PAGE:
The power MOSFET can be used, for example, in high frequency applications where the input voltage swing is less than a voltage on the order of 100 volts. The IGBT can be used, for example, in high frequency applications having an input voltage swing between 0 and 1000 volts (or greater), the input current swing is between 0 and 1000 amperes (or greater), and the input power is between 10 and 15 kilowatts (or other specified range). For applications in which the input voltage exceeds 1000 volts, a snubber circuit can be implemented to ensure that the operational capacity of the IGBT is not exceeded. Furthermore, parallel IGBT devices can be used as needed in applications having input power greater than 15 kilowatts and an operating temperature greater than 55 C. The foregoing values are by way of example only.

The PMU 100 also includes means, such as an input capacitor 114, for protecting the input power source from damage by controlling the rush of current from the power source when the relay switch 106 is closed. The input capacitor 114 can be implemented as a shunt capacitor, for example, or any other suitable device.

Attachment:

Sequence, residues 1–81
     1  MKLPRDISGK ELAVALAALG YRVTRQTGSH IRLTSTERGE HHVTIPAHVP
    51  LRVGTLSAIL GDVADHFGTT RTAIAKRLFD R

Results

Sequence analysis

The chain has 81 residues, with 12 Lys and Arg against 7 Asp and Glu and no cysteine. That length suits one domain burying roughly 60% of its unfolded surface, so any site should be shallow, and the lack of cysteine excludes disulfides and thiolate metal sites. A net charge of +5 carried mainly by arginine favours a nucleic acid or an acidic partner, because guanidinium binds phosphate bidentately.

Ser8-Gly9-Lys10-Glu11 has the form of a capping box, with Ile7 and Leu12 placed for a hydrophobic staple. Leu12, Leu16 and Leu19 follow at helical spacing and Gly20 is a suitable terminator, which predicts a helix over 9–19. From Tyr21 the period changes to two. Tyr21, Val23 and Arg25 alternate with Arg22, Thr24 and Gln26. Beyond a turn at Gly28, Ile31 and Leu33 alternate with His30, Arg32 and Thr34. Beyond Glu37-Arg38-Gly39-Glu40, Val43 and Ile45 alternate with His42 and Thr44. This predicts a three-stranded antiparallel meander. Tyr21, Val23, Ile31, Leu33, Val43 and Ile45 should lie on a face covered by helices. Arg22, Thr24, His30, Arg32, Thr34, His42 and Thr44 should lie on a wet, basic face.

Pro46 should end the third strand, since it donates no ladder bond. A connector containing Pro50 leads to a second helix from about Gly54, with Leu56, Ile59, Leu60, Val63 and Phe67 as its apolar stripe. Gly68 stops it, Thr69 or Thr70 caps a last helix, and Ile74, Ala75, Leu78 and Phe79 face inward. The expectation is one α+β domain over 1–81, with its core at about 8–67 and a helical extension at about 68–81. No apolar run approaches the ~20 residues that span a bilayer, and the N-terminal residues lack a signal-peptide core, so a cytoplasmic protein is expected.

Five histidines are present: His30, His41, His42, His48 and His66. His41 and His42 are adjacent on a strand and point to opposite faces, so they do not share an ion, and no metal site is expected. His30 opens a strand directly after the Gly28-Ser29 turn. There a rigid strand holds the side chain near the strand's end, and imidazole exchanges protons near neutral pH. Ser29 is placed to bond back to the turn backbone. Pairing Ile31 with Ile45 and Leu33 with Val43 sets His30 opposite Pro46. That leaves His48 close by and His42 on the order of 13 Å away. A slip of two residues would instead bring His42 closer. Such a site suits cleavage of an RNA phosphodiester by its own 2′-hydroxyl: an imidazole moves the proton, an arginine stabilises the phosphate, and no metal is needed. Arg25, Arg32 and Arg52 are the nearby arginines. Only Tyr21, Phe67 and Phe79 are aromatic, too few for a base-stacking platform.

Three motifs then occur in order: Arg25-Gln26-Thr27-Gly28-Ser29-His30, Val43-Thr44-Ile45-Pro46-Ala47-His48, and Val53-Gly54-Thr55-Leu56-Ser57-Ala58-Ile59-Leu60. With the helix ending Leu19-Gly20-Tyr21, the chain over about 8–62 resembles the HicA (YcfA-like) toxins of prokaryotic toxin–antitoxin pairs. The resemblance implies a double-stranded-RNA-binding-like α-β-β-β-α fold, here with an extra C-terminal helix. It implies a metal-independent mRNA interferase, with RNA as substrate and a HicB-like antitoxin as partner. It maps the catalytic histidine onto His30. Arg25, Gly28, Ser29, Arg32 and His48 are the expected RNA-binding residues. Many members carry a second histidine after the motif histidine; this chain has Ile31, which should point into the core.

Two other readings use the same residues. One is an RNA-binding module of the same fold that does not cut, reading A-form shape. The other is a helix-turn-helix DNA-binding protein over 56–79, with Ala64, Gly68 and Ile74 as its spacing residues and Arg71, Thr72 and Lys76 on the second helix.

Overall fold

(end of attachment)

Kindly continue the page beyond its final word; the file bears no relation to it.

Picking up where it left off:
The processor 104 is a programmable device such as a digital signal processor, for example. The processor 104 regulates the charging rate of the battery (B) based on parameters measured from the regulator circuit 102. For example, the processor 104 is connected to receive an input voltage signal (VIN) and an input current signal (IIN) based on a measurement taken from a terminal of the input capacitor 114. The processor 104 is also connected to receive an output voltage signal (VOUT) and an output current signal (IOUT) from an output terminal of the regulator circuit 102. The processor 104 is connected to receive a battery current signal (IBATT) and a battery temperature signal (IBATT). The manner in which the processor 104 uses the measured values to control the regulator circuit 102 is discussed herein.